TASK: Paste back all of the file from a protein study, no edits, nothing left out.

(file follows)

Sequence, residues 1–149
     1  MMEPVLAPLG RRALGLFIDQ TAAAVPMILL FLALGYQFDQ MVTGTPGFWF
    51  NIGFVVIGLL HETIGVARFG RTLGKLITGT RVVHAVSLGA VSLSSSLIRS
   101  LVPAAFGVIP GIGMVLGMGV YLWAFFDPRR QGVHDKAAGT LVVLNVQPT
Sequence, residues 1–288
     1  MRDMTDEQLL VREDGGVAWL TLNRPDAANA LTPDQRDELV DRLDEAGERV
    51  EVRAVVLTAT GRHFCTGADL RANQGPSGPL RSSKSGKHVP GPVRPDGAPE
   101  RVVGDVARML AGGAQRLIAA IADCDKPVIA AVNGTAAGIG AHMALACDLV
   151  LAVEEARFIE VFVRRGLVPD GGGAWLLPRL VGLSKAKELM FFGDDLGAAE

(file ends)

Sequence, residues 1–149
     1  MMEPVLAPLG RRALGLFIDQ TAAAVPMILL FLALGYQFDQ MVTGTPGFWF
    51  NIGFVVIGLL HETIGVARFG RTLGKLITGT RVVHAVSLGA VSLSSSLIRS
   101  LVPAAFGVIP GIGMVLGMGV YLWAFFDPRR QGVHDKAAGT LVVLNVQPT
Sequence, residues 1–288
     1  MRDMTDEQLL VREDGGVAWL TLNRPDAANA LTPDQRDELV DRLDEAGERV
    51  EVRAVVLTAT GRHFCTGADL RANQGPSGPL RSSKSGKHVP GPVRPDGAPE
   101  RVVGDVARML AGGAQRLIAA IADCDKPVIA AVNGTAAGIG AHMALACDLV
   151  LAVEEARFIE VFVRRGLVPD GGGAWLLPRL VGLSKAKELM FFGDDLGAAE